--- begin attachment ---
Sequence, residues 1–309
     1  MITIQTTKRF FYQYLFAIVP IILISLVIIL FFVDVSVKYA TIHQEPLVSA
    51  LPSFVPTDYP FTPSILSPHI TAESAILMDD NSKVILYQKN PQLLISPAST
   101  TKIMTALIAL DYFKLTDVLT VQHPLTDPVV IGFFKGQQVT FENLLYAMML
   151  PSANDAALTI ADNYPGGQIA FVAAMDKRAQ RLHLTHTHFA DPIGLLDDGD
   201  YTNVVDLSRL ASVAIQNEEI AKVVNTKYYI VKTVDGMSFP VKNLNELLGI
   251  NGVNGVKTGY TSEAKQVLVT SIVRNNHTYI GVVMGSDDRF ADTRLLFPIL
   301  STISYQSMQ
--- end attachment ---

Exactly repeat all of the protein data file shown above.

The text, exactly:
Sequence, residues 1–309
     1  MITIQTTKRF FYQYLFAIVP IILISLVIIL FFVDVSVKYA TIHQEPLVSA
    51  LPSFVPTDYP FTPSILSPHI TAESAILMDD NSKVILYQKN PQLLISPAST
   101  TKIMTALIAL DYFKLTDVLT VQHPLTDPVV IGFFKGQQVT FENLLYAMML
   151  PSANDAALTI ADNYPGGQIA FVAAMDKRAQ RLHLTHTHFA DPIGLLDDGD
   201  YTNVVDLSRL ASVAIQNEEI AKVVNTKYYI VKTVDGMSFP VKNLNELLGI
   251  NGVNGVKTGY TSEAKQVLVT SIVRNNHTYI GVVMGSDDRF ADTRLLFPIL
   301  STISYQSMQ